With the sun setting earlier you also get the chance to see the Chine illuminations, the night time display of lights that make this mystical wonder appear even more magical. Shanklin Chine is also the home of the Chine Heritage Centre that is brimming with information about the history of Shanklin and the Isle of Wight, including some of its many famous visitors and residents, whilst in the heritage centre it you will also see an exhibition about the role it played in the D-Day landings with 40 Commando and PLUTO (Pipeline under the ocean) that supplied fuel to the Allied troops in France.

Shanklin-Chine

The Island is usually blessed with good weather, in fact, the Isle of Wight is generally milder and sees more sunshine than nearly any other region in the UK, even others on the south coast of England. However being coastal the Island has throughout history been prone to sudden sea storms (Mainly in the depths of winter so you should be fine in autumn) it has left the south-west coast littered with ancient shipwrecks, whilst I doubt many of you would really fancy diving off a wreck in Mid-October, there is a chance to get up close to some and explore this fascinating part of Island history at The Shipwreck Centre displaying an amazing collection of artefacts discovered by dedicated diver Martin Woodward, it is one of the largest exhibitions of its type in the UK.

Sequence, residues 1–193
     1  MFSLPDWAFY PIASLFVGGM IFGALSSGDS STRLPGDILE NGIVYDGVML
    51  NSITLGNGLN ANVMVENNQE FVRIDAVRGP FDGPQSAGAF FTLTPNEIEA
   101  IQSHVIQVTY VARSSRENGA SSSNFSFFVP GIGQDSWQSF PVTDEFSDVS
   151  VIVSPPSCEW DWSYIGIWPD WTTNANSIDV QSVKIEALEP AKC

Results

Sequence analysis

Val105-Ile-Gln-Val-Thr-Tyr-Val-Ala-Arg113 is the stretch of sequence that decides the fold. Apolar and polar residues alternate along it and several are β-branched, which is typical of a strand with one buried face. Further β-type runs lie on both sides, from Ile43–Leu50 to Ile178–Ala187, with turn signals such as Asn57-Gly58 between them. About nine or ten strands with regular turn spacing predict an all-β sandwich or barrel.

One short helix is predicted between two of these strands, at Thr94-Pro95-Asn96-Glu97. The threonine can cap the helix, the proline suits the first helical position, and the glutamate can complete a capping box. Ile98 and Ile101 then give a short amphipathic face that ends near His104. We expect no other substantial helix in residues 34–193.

“Bursting at the seams with thousands of objects recovered from shipwrecks, antique diving equipment, Spanish gold and silver, ship models and a multitude of other intriguing relics from the past” – Courtesy of The Shipwreck Centre.

shipwreck-centre

The Shipwreck Centre is based at Arreton Barns, which itself is a wonderful place to spend a few hours especially on a blustery autumn day, but be careful with so many things to do a few hours could easily become a whole day. This Arts & Crafts centre is the largest on the Island and home to the famous Isle of Wight Studio Glass, you may even get a chance to see Timothy Harris work his magic turning a lump of glass into a majestic masterpiece, it truly is a sight to behold, but that’s no wonder as he considered one of Britain’s leading glassmakers. Arreton Barns if surely the home of artisan glass, as there is also a second glass studio Sculptglass that has delighted visitors for 17 years with its diverse range of colourful hand-crafted glass, and the Barns are home to the Isle of Wight Glass Museum with well over 1200 pieces including some of the best examples of European Art Deco glass.